Person-driven outcome measures also provide a pathway for individuals to direct their care through goals that are meaningful to both them and their clinicians.
"As a physician, I get locked into, 'I see, I diagnose, I treat.' I’m very good at knowing my why, but sometimes I forget my patients’ why, and I think [person-driven outcome measures have] given me … another tool in my toolbelt to communicate, advocate, and support my patients in achieving their goals. It also lends to creating a new baseline for conversations as to their current state."
Clinician in home-based medical group
The person-driven outcome approach also helps improve the patient-clinician relationship. When clinicians understand their patients’ preferences and needs, they can align care accordingly. Many patients feel that their clinicians are more invested in their care and many clinicians feel that this approach helps them to understand their patients’ preferences and better align the care they provide with those preferences and needs. These measures particularly appeal to clinicians who are frustrated at being evaluated on clinical interventions that are not relevant to people with complex health status. Person-driven outcome measures allow clinicians to do what they “signed up” to do — improve and provide person-centered care.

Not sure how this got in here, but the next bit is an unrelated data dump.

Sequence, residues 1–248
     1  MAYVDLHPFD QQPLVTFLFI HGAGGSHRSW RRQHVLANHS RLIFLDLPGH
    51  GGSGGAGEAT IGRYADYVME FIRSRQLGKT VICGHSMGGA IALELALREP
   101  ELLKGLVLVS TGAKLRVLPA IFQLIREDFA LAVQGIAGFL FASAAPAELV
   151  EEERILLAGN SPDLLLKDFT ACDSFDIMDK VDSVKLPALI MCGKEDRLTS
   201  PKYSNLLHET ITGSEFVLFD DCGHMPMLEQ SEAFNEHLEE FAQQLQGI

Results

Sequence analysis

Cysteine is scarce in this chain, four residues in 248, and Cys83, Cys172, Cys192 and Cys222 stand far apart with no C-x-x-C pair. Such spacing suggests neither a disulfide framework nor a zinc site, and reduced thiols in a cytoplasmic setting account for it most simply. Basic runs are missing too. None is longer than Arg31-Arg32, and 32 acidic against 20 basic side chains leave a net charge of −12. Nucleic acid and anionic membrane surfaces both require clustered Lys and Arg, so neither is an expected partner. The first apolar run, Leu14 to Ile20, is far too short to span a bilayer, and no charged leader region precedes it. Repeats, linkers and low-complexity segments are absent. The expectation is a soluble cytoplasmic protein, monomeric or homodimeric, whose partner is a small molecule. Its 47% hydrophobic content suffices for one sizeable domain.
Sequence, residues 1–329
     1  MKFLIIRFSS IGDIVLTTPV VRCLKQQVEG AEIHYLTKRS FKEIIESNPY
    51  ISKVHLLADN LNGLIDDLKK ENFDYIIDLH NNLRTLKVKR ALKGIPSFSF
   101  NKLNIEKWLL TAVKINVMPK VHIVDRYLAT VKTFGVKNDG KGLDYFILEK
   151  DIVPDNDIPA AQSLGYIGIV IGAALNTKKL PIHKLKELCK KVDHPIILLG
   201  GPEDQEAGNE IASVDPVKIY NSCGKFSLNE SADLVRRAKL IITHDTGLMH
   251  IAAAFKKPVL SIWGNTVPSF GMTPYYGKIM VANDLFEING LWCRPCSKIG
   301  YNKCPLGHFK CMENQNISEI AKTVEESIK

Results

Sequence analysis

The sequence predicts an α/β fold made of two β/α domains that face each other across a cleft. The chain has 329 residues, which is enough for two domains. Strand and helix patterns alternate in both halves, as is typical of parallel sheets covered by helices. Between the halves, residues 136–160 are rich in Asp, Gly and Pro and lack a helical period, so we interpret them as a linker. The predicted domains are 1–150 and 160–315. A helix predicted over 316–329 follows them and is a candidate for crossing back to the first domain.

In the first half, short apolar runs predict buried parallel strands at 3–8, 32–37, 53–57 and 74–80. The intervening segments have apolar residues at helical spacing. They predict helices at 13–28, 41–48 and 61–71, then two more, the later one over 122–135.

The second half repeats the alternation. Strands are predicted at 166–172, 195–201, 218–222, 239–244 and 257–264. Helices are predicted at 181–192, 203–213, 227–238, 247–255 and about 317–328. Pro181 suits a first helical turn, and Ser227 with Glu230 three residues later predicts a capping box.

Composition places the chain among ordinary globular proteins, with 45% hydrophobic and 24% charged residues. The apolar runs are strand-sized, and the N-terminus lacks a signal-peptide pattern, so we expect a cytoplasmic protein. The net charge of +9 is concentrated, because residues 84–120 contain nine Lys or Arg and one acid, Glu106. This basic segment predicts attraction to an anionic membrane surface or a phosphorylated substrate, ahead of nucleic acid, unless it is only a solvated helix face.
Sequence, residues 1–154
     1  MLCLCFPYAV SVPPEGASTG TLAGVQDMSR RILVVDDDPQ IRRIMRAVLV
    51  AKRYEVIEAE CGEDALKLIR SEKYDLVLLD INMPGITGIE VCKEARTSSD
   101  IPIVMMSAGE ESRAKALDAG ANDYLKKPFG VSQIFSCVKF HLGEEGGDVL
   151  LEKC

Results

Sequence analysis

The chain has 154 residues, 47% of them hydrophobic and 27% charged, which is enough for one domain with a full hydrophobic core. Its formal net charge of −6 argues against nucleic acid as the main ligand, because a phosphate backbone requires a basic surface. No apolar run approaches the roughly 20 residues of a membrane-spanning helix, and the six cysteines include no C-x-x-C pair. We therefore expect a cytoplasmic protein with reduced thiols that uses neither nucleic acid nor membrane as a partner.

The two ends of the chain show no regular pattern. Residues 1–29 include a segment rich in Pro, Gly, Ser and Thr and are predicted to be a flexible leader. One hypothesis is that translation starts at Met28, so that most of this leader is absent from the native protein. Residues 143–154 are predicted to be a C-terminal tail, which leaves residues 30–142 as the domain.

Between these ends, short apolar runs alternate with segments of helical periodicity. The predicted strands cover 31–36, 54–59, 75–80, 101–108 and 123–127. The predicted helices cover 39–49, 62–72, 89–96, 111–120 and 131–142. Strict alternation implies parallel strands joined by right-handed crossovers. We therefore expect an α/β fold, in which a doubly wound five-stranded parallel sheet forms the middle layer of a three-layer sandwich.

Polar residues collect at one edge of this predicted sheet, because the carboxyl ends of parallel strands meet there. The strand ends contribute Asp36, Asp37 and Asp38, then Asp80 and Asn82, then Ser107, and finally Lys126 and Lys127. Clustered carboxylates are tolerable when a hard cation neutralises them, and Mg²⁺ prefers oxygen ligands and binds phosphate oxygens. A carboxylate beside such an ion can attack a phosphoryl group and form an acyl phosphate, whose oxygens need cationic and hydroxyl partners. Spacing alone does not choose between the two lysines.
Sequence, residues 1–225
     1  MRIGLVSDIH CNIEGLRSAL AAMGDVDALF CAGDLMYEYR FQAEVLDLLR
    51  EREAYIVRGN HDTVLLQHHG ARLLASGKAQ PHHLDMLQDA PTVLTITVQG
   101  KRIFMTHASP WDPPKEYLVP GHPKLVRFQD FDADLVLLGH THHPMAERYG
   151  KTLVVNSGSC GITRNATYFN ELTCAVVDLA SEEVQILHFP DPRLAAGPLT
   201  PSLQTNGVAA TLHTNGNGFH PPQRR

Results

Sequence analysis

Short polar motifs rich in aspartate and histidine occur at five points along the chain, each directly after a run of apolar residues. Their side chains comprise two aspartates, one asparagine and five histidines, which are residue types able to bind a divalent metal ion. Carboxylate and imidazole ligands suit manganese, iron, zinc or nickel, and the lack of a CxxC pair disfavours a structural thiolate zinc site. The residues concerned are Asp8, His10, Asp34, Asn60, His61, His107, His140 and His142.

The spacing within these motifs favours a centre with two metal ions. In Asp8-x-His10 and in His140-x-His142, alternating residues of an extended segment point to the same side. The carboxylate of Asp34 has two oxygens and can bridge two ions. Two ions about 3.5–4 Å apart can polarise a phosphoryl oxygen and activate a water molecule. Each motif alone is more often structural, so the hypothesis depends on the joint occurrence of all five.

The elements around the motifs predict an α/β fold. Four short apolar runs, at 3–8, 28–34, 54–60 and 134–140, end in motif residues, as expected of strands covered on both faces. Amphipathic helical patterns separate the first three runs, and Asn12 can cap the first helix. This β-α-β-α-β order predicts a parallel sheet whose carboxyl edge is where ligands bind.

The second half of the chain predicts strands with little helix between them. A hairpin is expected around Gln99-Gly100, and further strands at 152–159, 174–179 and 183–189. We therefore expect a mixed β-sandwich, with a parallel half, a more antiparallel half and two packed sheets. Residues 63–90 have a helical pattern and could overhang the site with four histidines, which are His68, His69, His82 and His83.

Person-driven outcome measures are a flexible, feasible, and standardized way to assess care that matters to people with complex health status in the clinical, home, and community-based care settings. The measures, and the care they encourage, are accepted by patients, families, caregivers and clinicians, and promise to be an important tool to improve care for people with complex health care needs. Measures that matter can increase delivery of care that matters.